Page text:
To use a seating plan or to not use a seating plan, that is the Question!
It seems like it should be an open and shut case. Teachers should always design a seating plan for their class. Especially, at the beginning of the year when we need to assert control and create structure within our classrooms. Seating plans help establish a structure within the room.
We decide where students sit and make sure that certain combinations of students do not occur. Any teacher with strong classroom management skills will tell you to always craft a seating plan. They will talk about establishing your authority from the very beginning. It seems reasonable right? Why would anyone organize their room any differently?
I’m going to argue that there’s another way to structure your room. The argument for creating a seating plan is certainly valid. But this method of classroom management places the responsibility of control solely on the teacher. The teacher actively creates situations in which students will behave accordingly. I would argue that there’s another way. Instead, consider an approach to classroom management in which the responsibility to behave is in the hands of the children. Consider a room in which the teacher expects children to make judgements calls for themselves.
I’ve tried both ways of managing my classroom and I have to admit I don‘t create seating plans for my students anymore. From the very first day of school, I place responsibility for behaviour solely on the shoulders on my students. I work with students aged 10–13 and these kids crave opportunities to prove they can be independent. They want to prove just how “grown-up” they can be. If I expect the best from my students then I will get the best. But if I assume my students will enter my classroom and misbehave then that is the behaviour that I will see. One teacher I know used to refer to this concept as “You get what you pay for.”
So the question is…..
What does this look like on the first day of school? How do you place responsibility for behaviour in the hands of the students?
It’s actually a very simple strategy. You have to be very clear and still speak with authority. Students need to understand that you are in charge but make it clear you know they can do their best.
On the first day of school, I line my new students up outside my room. This is the key to establishing authority and structure. I deliver one simple statement with confidence and complete clarity.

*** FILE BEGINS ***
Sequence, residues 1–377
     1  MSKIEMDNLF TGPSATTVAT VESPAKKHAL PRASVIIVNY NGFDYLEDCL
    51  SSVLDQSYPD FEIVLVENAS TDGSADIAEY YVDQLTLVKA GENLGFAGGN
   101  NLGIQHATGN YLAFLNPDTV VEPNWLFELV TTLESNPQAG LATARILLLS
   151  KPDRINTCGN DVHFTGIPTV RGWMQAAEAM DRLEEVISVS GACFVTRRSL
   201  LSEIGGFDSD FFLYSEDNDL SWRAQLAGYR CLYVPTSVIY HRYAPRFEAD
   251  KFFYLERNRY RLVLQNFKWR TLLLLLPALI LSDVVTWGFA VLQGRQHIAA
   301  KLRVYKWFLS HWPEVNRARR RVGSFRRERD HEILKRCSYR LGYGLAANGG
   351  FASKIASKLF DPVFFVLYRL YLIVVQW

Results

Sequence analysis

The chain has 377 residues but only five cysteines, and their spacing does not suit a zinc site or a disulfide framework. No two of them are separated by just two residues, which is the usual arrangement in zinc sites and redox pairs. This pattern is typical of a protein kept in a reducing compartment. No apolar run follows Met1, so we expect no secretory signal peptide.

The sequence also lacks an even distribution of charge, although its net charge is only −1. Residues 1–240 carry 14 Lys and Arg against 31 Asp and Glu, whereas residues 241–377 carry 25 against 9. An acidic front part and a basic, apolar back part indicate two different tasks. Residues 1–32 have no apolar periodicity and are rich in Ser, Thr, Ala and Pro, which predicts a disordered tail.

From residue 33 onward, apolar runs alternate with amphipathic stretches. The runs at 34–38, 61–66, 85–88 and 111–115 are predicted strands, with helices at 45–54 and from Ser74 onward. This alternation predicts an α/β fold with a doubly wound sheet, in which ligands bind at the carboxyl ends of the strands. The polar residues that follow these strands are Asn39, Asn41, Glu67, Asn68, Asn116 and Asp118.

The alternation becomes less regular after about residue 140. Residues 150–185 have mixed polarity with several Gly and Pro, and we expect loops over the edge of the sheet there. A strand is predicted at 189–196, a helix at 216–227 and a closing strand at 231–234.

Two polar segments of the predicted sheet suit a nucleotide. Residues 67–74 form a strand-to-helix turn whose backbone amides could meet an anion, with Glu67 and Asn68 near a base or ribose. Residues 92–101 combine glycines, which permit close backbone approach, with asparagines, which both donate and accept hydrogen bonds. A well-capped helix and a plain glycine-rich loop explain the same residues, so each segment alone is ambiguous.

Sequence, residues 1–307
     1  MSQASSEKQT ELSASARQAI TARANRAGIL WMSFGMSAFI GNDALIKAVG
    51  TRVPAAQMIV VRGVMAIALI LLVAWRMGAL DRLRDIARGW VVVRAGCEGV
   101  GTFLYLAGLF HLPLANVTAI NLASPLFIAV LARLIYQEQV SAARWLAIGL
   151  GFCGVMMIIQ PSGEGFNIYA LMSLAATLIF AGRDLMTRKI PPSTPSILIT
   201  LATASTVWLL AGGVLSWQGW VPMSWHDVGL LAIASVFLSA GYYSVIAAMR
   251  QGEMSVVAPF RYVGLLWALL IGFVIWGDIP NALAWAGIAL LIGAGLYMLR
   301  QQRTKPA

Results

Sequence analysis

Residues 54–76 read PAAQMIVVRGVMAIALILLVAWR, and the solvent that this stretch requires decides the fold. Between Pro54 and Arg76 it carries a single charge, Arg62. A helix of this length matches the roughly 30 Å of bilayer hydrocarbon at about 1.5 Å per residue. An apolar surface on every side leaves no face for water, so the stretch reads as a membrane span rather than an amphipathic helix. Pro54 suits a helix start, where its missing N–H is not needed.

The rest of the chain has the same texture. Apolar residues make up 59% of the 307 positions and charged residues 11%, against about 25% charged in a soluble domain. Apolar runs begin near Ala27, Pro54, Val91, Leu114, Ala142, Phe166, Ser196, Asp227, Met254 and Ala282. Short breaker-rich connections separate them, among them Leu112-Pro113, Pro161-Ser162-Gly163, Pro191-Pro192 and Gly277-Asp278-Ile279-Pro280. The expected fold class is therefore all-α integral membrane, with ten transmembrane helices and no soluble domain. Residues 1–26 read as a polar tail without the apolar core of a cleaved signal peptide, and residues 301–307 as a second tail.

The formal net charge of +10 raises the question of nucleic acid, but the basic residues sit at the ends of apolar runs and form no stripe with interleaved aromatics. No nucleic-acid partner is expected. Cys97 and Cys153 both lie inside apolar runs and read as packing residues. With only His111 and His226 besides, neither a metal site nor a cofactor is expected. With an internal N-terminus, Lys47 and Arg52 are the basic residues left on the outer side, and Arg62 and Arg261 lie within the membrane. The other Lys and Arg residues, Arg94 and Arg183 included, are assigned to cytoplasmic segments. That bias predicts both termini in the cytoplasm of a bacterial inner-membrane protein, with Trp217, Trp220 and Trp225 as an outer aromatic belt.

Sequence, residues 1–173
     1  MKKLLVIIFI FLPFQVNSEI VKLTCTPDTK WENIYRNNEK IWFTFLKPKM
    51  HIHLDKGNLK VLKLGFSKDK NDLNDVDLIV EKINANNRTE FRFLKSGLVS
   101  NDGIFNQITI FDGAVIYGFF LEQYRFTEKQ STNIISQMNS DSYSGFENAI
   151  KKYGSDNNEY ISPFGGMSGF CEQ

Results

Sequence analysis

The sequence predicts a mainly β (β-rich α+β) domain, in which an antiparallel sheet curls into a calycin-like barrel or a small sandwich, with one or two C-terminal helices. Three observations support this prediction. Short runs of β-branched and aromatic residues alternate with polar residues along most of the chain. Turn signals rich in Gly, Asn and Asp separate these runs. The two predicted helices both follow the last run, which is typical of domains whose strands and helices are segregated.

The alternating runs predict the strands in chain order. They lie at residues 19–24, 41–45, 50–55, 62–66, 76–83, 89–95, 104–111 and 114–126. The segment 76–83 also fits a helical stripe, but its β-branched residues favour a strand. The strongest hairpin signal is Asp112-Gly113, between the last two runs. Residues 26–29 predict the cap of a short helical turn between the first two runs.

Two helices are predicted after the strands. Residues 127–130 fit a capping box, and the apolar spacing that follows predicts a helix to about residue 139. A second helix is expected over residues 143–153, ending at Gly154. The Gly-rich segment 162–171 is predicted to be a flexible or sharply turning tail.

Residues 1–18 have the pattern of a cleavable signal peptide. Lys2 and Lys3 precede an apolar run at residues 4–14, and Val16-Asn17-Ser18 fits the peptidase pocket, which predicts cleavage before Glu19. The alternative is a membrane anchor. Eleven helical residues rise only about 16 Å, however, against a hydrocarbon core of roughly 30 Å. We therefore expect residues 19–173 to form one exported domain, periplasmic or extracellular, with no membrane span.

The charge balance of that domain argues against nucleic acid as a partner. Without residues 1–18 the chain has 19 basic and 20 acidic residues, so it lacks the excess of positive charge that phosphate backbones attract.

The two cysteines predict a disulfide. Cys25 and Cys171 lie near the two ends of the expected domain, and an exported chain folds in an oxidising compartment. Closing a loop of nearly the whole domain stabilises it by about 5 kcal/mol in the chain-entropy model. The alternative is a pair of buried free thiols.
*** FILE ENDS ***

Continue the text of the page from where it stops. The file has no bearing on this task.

“You may enter my room and choose your own seat. But know this! The seat you choose is yours until such time as you lose the privilege of having that seat.”
My message is simple. I will trust your judgement until you give me a reason no to. Being responsible and polite means you will have freedom of choice and some independence within my classroom. It works. Generally, my students are well behaved and polite. They do make mistakes they are not perfect. But when that happens I stress that they’ve lost a little bit of responsibility for the moment. We talk about alternatives to their behaviour and find a way to move forward. Ultimately, they regret their decisions when they have to move to a desk of my choice. It’s amazing what that little bit of trust can do in the classroom.
Children want to be seen as independent and grown up. They crave our approval and love to show us how well they can do. This strategy allows them a chance to prove they are becoming more mature. It’s something to consider when structuring your classroom for this New Year.
This fall, when students are lining up outside your door consider how you will frame your expectations for classroom behaviour. There are lots of different strategies out there and they can all be successful. I just wanted to share with everyone an alternative to the classic method in which teachers maintain control. I would argue that students will one day be adults. They will be expected to independently monitor their behaviour. We don’t create seating plans at conferences or board meetings. Why not give our students the opportunity to practice self-monitoring during childhood?
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Originally published at blog.classloom.com on August 16, 2016.